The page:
My favorite thing about Shakespeare’s Romeo and Juliet is that it begins with the end; after all, what is interesting about the play is not what happens (everyone knows they off themselves in Big Dramatic Fashion) but how they get there. The Space Between Us begins with a short scene from the near the end of the story and introduces a sense of impending doom. When the story restarts (at the beginning this time), the reader knows (or thinks she knows) how it’s going to end, but the reader is constantly on tenterhooks, wondering what really happens and how it all devolves.
Everyone has a story…
Tesla Martin is drifting pleasantly through life, slinging lattes at Morningstar Mocha, enjoying the ebb and flow of caffeinestarved customers, devoted to her cadre of regulars. But none of the bottomlesscup crowd compares with Meredith, a charismatic force of nature who can coax intimate tales from even the shyest of Morningstar’s clientele.
Caught in Meredith’s sensual, irresistible orbit, inexpressibly flattered by the siren’s attention, Tesla shares long-buried chapters of her life, holding nothing back. Nothing Meredith proposes seems impossible—not even Tesla sleeping with Meredith’s husband, Charlie, while she looks on. After all, it’s all in fun, isn’t it?
In a heartbeat, vulnerable Tesla is swept into a spectacular love triangle. Together, gentle, grounded Charlie and sparkling, maddening Meredith are everything Tesla has ever needed, wanted, or dreamed of, even if no one else on earth understands. They’re three against the world.
But soon one of the vertices begins pulling away until only two points remain—and the space between them gapes with confusion, with grief and with possibility….
This book reminded me of Shakespeare, of course, but it also had hints of the classic Greek tragedies (I’m thinking Sophocles and his use of grand human emotions and catharsis). I loved the way it was written, how it unfolds through a series of narratives that each stress the often intangible emotions that fill the space between the people involved. I loved every character except Meredith (with whom I could not connect on any level), from the random folk who frequent the coffee shop–likely to be main or side characters in other Hart novels–to Tesla and Charlie.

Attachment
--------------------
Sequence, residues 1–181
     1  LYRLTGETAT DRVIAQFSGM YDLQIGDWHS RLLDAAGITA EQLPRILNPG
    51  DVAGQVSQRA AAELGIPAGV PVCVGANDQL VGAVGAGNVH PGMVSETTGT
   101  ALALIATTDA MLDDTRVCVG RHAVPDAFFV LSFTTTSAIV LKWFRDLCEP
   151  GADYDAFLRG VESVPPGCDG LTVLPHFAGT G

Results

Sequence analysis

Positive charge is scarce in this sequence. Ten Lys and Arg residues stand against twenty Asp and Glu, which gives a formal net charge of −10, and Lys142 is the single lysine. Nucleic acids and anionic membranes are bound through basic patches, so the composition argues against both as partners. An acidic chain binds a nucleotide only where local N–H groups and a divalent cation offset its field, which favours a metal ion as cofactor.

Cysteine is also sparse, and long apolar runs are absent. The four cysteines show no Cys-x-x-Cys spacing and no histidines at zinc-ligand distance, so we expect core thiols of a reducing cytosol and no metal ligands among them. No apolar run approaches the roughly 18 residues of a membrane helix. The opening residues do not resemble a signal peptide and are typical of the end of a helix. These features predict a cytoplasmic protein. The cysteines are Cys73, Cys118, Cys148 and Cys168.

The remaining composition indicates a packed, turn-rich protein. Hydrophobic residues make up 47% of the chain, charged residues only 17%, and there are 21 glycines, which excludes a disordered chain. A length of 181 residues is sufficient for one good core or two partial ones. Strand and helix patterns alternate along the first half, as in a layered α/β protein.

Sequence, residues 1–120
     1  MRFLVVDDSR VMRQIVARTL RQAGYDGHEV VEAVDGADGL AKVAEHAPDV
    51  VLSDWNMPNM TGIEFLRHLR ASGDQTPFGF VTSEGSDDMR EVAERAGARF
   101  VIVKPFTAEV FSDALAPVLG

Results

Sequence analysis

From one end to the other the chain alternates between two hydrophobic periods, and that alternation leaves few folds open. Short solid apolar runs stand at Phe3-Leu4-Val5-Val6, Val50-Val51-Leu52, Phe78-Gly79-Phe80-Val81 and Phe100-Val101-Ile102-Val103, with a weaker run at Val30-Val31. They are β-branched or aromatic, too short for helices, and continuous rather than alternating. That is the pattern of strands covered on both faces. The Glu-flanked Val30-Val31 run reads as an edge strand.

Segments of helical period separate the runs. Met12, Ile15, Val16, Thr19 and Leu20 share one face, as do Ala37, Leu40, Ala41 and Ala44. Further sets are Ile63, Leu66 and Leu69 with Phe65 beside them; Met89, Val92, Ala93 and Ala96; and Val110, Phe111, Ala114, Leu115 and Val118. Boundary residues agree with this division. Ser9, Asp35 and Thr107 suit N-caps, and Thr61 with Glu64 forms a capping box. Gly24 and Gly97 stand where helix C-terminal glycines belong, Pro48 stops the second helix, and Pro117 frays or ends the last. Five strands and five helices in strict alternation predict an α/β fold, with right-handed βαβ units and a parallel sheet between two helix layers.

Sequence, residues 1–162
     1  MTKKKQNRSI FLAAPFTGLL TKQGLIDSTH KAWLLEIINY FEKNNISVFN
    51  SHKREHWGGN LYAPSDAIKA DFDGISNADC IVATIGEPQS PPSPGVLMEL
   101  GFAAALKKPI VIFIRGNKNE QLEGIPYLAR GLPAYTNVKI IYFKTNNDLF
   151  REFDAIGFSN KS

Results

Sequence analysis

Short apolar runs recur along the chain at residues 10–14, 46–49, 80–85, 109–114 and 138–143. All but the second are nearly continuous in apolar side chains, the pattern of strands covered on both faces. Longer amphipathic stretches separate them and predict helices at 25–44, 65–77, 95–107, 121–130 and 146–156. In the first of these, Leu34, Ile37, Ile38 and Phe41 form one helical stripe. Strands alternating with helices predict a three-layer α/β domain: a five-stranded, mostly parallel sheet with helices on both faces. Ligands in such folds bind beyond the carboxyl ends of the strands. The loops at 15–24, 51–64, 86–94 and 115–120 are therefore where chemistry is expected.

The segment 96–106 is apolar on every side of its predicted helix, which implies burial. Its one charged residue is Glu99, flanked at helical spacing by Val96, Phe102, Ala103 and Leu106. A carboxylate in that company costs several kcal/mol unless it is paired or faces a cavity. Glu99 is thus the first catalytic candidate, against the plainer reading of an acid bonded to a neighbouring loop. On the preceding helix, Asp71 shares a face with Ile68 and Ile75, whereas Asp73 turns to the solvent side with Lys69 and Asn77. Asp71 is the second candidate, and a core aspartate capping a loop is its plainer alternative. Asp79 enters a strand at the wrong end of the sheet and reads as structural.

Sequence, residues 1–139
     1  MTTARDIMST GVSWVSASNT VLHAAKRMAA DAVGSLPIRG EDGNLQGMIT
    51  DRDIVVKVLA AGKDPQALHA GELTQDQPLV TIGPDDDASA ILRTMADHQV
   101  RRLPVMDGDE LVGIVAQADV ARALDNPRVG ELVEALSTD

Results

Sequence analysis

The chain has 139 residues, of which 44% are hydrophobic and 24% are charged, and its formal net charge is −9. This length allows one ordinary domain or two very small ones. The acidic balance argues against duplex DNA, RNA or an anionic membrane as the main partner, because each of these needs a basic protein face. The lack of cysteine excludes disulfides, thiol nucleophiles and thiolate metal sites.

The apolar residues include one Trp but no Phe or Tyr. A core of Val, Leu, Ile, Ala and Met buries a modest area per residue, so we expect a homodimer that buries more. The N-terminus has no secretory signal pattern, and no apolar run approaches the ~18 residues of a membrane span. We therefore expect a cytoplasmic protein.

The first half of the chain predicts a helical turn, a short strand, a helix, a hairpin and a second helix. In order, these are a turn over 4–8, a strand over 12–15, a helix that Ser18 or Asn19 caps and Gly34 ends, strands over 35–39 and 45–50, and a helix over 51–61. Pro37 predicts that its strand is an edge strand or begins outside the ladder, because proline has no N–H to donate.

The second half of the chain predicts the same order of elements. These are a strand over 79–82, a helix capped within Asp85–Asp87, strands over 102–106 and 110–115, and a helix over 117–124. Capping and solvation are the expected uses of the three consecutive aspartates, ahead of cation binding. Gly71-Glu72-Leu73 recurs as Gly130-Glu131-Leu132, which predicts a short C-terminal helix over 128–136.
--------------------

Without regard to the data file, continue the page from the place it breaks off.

My favorite bit was the quasi family life shared by Tesla, her bother Cap, and Vic and his family. Even though the strings that tied all these people together were not ones that I have ever encountered in my life, their family bond is approachable, and, like in any family, the shit they do to each other is heartrending and real. I never really paid attention to kids in books before I had kids of my own, but now it’s usually the first thing I notice. The kids in this book are so realistically portrayed with their innocent expectation of all of the love in the world and their wounded reserve in response to life’s disappointments.
The content is decidedly adult, with plenty of fun words bandied about for girl and boy parts and plenty of interesting menage acrobatics. I could have survived without quite so much erotic content, but that’s a personal preference issue. A lot of the erotic situations are told in narrative format that develops the theme. It may seem at first as if there is no point in the particular story being told, but, trust me, it all comes together.
This book takes you on an emotional journey, and, although the end is totally worth it, it will drag your heart through burning coals along the way. If you are looking for a fantasy story that makes you feel warm and fuzzy about humanity, this book is not for you. But if you want to step outside your comfort zone and learn something about yourself, I highly recommend you pick this one up, especially if you’re a fan of Adam Ant.
The Space Between Us will be released as a trade paperback on Tuesday, September 25, 2012 by Harlequin MIRA, but the e-book may already be available. Although all of Megan Hart’s novels exist as stand-alone stories, it may be advisable to read them in order. Please visit Hart’s website for more information on her other books and a suggested reading order. You can also click on the cover image above (or right here) to visit the book’s Goodreads page.
*FTC Disclosure – I received an e-galley of this book from Harlequin through NetGalley in exchange for an honest review.*